Denomination in Christianity
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Denomination in Christianity
 
 
Paul  Wong

 

The First Christian Church that began in Jerusalem on the Day of Pentecost was one united Body of Christ. 

 

“Now when the Day of Pentecost has fully come, they were all with one accord in one place. . . . And they were all filled with the Holy Spirit and began to speak with other tongues, as the Spirit gave them utterance.” (Acts 2:1-4)

 

“And they continued steadfastly in the apostles’ doctrine and fellowship, in the breaking of bread, and in prayers.  Then fear came upon every soul, and many wonders and signs were done through the apostles.  Now all who believed were together, and had all things in common.” (Acts 2:42-44) 

 

“And when they had prayed, the place where they were assembled together was shaken; and they were filled with the Holy Spirit, and they spoke the word of God with boldness.  Now the multitude of those who believed were of one heart and one soul; neither did anyone say that any of the things he possessed was his own, but they had all things in common.  And with great power the apostles gave witness to the resurrection of the Lord Jesus.  And great grace was upon them all.” (Acts 4:31-33)  

 

 

Division  in  the

Corinthian  Church

 

The apostle Paul planted the Church in Corinth but he discovered there was division amongst its members.  He wrote to them (1 Cor. 1:10-13)

 

10     Now I plead with you, brethren, by the name of our Lord Jesus Christ, that you all speak the same thing, and that there be no divisions among you, but that you be perfectly joined together in the same mind and in the same judgment.

11     For it has been declared to me concerning you, my brethren, by those of Chloe’s household, that there are contentions among you.

12     Now I say this, that each of you says, ‘I am  of Paul,’ or ‘I am of Apollos,’ or ‘I am of Cephas,’ or ‘I am of Christ.’

13     Is Christ divided?  Was Paul crucified for you?  Or were you baptized in the name of Paul?

 

The division within the Corinthian Church was caused by members forming various groups that followed different ministers.  Today there are also many divisions within Christianity that are formed by Christians who follow various ministers that teach diverse theologies and doctrines.  They do not abide by the teachings of the Lord Jesus Christ.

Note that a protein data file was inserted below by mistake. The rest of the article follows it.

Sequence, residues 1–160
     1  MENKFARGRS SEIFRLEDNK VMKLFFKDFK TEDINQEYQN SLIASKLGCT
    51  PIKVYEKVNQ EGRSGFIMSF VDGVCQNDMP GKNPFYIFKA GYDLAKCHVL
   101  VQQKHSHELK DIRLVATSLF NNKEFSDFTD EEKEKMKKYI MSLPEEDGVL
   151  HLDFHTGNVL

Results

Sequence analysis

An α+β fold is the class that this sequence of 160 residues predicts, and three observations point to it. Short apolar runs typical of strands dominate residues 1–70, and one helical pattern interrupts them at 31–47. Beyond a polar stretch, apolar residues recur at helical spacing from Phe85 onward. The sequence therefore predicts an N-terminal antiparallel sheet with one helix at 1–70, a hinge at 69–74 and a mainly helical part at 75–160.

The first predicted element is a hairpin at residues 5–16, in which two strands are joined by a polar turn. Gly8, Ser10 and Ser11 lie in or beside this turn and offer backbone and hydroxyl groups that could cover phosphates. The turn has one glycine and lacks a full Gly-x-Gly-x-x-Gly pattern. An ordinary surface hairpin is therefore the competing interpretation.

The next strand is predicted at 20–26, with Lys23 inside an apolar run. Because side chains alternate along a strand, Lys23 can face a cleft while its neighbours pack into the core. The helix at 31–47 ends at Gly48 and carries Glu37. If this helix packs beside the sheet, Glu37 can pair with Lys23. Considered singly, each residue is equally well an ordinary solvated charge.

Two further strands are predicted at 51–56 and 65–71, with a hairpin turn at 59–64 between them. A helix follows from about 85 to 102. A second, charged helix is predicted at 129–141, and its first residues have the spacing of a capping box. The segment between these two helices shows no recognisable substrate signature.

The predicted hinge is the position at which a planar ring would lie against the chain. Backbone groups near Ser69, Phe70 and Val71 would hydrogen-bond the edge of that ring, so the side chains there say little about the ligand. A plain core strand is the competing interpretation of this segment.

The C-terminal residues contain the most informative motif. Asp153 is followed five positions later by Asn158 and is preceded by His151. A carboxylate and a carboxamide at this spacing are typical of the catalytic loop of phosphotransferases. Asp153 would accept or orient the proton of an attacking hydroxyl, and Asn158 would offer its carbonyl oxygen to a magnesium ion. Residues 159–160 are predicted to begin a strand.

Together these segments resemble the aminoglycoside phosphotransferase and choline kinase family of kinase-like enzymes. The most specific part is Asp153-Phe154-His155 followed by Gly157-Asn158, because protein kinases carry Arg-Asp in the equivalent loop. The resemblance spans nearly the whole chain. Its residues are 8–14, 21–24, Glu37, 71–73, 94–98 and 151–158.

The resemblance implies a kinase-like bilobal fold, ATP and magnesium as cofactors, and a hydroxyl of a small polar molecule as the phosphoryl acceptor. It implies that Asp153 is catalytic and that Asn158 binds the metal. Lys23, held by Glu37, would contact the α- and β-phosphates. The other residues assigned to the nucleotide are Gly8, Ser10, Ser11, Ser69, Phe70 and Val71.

The word that is used for the various divisions within Christianity is “denomination”.  Although this word is not found in the Holy Bible it is a terminology that is used to denote any religious group that has its own particular form of worship, doctrines, practices, rituals or sacraments, system of organization and administration.

 

 

Christian  Denominations

in  History

 

In the New Testament we find "the Church of God" written in the singular form (1 Cor. 10:32), but we also find the "churches of God" written in the plural form (1 Thes. 2:14).  How has this unity become a plurality?   How has the Church which is essentially one become many?  The one Church of God has been divided into several churches.  This is a historical fact.

 

The seven churches in Asia referred to in the Book of Revelation are  distinct from one another not only on the basis of locality but also in their form of worship, doctrines, practices, rituals or sacraments, system of organization and administration (Revelation chapters 2 and 3).  Denominationalism in Christianity had already begun in the First Century.

 

 Even in the days of the apostles there were signs that the Church was moving in the direction of apostasy (Acts 20:29 30; III Jn. 9-10).  After the deaths of the apostles, this apostasy moved forward unchecked and with ever-increasing momentum.